Methods of communication intercepted include email, chat, video and voice, photos, stored data, VoIP, file transfers, video conferencing, notification of target activity, logins and social networking details.
The row about Prism has scarcely been touched upon since the Guardian first revealed the existence of the programme in June 2013, but it is unlikely to have been off David Cameron’s agenda since. 
In a report in April 2014, interception of communication commissioner May told the prime minister: “Section 1(1) of Ripa makes it an offence for a person intentionally and without lawful authority to intercept at any place in the United Kingdom, any communication in the course of transmission by means of a public postal service or public telecommunications system. My statutory role concerns interception within the United Kingdom.”

The US has an unfortunate track record of ignoring other countries’ laws, in the area of high tech especially
John Hemming, MP

He then wrote that: “Public concern has centred on potential intrusive invasion of privacy. [Arising from the Snowden revelations] such concerns have been expressed publicly in the United States, Europe and other countries with greater force perhaps than in the UK.
“But unjustified and disproportionate invasion of privacy by a public authority in the UK would breach Article 8 of the European Convention of Human Rights just as much here as in other parts of the European Union.”
This was widely seen as a warning about the activities of GCHQ, but informed insiders now say that May, the former president of the Queen’s Bench division of the High Court, had picked up information about Prism and was warning the prime minister, however obliquely, to do something about it.
Despite intense pressure from some parts of the UK intelligence structure, Cameron has dithered – while the communications of about half the country, and the data of most UK internet users, were intercepted and stolen by the Prism companies.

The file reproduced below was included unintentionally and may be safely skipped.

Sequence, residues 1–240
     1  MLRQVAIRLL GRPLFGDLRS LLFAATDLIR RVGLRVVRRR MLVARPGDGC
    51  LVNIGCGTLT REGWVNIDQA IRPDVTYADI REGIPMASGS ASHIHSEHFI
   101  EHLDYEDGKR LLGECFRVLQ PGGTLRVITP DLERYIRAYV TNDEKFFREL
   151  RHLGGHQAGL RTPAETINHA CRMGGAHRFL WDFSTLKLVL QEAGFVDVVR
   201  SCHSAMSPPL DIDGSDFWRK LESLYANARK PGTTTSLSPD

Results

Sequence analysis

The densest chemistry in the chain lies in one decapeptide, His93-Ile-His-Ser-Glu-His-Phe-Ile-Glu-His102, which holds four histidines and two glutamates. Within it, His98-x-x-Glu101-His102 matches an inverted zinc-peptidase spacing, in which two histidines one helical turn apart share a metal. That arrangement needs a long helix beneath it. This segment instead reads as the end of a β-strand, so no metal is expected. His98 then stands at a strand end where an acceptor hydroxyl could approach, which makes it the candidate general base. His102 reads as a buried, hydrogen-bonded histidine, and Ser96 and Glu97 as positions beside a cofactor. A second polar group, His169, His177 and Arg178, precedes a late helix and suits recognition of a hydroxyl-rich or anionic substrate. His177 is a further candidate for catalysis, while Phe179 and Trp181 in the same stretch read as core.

Computer Weekly understands that the problem landed on Cameron’s desk after a confrontation last year between Rifkind and Ian Lobban, previously director of GCHQ. This followed brief reports in the Guardian that Rifkind and Lobban had quarrelled over US spying in the UK, which Lobban had apparently failed to understand.
Prism was running in the UK, despite the rules of the Five Eyes Intelligence treaty which prohibits any of the five eyes countries – the US, the UK, Canada, Australia and New Zealand – from spying on each other. Prism is a clear breach of this agreement in four of the five member countries.
Lobban announced his retirement at 53 from GCHQ in November 2014, just after the row, and has been replaced by Robert Hannigan who made his FT attack on the corporations on his first day in his new job.  
The whole matter is thought to have led to a serious crisis in the relations between the US and the UK, one that has affected the intelligence partnership between the two countries and which has gone unreported in the UK media.
It is thought to be one of the reasons that William Hague swapped his role as foreign secretary for the less onerous and fraught job of leader of the House of Commons, only to run head-on into the problem when raised by Hemming.
Kevin Cahill is a journalist and former systems analyst with a special interest in supercomputers.

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This was first published in December 2014